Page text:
Campus & Community

Research in brief

2 min read

New treatment for chronic myelogenous leukemia

Using rational drug design strategies, investigators at Dana-Farber Cancer Institute and Novartis Pharmaceuticals in Basel, Switzerland, have created a targeted therapy for chronic myelogenous leukemia (CML) that may ultimately be more effective than Gleevec®, the current frontline treatment. The researchers report in the February issue of Cancer Cell that the new compound, AMN107, is about 20 times more potent than Gleevec and is effective in treating Gleevec-resistant disease in model systems. Dana-Farber’s James Griffin, senior author of the study, said, “The goal of this study was to develop a drug that hits the same target on CML cells as Gleevec does, and to hit more of the target.”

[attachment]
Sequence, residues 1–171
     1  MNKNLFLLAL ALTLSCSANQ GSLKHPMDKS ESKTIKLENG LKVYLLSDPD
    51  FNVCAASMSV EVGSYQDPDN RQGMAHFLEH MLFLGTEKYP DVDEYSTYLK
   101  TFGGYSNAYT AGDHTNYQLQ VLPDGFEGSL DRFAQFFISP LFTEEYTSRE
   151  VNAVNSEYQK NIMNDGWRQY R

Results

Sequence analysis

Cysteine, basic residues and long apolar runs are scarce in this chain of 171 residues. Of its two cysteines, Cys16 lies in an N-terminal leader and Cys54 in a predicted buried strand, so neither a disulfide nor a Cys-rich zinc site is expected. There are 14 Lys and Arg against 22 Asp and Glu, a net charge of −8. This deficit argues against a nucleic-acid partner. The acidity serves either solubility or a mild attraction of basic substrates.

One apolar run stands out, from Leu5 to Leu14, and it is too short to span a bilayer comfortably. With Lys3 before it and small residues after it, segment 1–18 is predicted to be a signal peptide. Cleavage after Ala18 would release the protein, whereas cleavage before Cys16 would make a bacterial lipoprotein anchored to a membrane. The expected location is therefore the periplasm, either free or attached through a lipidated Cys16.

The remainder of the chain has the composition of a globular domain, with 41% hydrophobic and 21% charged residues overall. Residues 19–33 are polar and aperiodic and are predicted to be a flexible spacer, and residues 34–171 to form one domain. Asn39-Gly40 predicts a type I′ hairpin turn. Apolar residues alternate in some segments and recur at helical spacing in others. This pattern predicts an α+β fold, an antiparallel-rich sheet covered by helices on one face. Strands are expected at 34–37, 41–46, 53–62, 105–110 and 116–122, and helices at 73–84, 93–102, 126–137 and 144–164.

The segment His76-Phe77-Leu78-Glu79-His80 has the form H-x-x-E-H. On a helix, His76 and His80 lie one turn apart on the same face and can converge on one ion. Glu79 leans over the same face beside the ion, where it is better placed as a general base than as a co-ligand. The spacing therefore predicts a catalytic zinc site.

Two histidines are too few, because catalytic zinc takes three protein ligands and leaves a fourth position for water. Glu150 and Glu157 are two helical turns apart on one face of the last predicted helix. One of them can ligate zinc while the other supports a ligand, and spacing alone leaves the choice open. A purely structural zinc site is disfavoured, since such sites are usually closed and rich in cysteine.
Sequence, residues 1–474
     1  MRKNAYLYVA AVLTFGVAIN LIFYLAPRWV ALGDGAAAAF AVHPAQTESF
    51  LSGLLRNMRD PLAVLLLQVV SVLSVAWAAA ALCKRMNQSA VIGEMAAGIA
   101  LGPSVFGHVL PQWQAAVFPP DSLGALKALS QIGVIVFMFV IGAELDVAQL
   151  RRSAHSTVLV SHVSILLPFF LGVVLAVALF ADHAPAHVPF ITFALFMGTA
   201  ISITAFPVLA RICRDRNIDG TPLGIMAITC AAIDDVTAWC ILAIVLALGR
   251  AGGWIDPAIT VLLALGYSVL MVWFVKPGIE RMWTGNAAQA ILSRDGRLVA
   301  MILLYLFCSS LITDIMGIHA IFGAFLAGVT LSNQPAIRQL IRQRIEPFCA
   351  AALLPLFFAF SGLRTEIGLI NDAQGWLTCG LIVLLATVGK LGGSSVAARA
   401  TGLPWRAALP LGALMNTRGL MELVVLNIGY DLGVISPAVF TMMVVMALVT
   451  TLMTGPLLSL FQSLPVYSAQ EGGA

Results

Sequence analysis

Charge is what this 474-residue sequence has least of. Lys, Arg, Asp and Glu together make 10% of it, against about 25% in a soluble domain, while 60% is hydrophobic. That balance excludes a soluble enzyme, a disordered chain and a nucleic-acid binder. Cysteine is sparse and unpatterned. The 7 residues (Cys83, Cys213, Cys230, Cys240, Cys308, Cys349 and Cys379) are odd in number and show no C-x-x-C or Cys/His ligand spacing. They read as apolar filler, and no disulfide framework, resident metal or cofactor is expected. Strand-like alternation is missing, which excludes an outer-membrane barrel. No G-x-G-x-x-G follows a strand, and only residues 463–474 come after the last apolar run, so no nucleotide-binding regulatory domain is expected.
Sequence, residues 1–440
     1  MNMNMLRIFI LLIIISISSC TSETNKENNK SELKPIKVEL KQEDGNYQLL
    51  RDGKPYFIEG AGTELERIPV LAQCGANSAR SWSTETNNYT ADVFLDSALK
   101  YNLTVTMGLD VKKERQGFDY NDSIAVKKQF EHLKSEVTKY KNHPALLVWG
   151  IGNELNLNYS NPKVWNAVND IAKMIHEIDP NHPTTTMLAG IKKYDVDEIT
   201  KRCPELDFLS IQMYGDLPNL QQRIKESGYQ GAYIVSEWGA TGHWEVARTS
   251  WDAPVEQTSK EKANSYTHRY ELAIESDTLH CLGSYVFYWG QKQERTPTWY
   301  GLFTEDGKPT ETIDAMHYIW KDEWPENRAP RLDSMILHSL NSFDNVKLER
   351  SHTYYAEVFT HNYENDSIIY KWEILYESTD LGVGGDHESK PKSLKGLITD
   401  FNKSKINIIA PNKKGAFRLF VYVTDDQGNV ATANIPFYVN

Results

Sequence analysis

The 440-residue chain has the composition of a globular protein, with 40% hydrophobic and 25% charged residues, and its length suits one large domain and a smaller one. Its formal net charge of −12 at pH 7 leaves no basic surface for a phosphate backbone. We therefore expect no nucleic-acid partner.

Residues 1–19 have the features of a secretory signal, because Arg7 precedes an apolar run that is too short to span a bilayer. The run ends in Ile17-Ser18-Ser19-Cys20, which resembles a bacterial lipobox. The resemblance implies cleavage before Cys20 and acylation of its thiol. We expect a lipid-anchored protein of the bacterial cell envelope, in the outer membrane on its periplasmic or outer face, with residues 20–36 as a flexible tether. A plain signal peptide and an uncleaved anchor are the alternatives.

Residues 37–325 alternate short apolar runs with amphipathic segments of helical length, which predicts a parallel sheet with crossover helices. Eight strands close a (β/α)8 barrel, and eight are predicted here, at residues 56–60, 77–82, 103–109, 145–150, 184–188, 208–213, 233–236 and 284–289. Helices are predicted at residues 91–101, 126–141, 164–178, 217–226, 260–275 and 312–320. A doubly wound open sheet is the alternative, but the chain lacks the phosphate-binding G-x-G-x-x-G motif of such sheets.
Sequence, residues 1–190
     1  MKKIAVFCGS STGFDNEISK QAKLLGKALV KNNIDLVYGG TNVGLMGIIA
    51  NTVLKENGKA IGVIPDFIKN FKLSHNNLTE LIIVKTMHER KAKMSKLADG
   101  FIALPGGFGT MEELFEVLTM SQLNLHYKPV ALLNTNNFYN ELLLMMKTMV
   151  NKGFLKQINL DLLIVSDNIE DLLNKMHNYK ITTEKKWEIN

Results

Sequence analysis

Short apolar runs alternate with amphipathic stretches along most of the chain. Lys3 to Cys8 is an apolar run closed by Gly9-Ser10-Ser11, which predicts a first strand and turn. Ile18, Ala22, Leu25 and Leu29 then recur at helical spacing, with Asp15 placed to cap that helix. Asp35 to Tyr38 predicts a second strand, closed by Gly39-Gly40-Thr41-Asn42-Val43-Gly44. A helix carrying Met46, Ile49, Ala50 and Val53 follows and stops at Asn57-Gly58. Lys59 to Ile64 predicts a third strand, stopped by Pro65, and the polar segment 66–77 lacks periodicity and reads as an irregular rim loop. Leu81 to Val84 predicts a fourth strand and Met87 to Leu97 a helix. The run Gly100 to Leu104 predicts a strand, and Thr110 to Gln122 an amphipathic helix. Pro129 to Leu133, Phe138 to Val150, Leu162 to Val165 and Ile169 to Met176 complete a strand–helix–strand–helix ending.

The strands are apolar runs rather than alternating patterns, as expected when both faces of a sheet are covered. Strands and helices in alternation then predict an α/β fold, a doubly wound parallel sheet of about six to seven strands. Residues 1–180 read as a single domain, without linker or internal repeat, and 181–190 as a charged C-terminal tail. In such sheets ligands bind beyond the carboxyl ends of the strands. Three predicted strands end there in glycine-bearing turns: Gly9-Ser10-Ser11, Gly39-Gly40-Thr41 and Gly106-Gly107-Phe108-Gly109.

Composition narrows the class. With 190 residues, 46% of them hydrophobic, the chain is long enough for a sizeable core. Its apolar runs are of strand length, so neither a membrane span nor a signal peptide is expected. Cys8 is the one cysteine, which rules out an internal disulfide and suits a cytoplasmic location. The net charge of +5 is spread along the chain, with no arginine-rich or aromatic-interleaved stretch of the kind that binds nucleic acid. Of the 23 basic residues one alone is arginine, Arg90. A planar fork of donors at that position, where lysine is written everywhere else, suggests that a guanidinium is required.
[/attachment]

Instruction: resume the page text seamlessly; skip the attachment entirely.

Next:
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Long-term Celebrex use increases risk of cardiovascular events

Clinical researchers at Brigham and Women’s Hospital (BWH) found in December 2004, in a large colorectal cancer prevention study, that patients who were prescribed the arthritis drug celecoxib (Celebrex) daily for an average of almost three years had an increased risk of serious cardiovascular events. Among the events reported were death due to cardiovascular causes, heart attacks, strokes, and heart failure. Participants prescribed 200 mg of celecoxib twice a day had a 2.3 times greater risk of these serious cardiovascular events and those who were prescribed 400 mg of celecoxib twice a day had 3.4 times greater risk of these serious cardiovascular events when compared with study participants taking a placebo. Details of this research are published online in the New England Journal of Medicine in advance of a Food and Drug Administration-led joint public meeting of the agency’s Arthritis Advisory Committee and the Drug Safety and Risk Management Advisory Committee Feb. 16, 17, and 18.

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– Compiled by Alec Solomita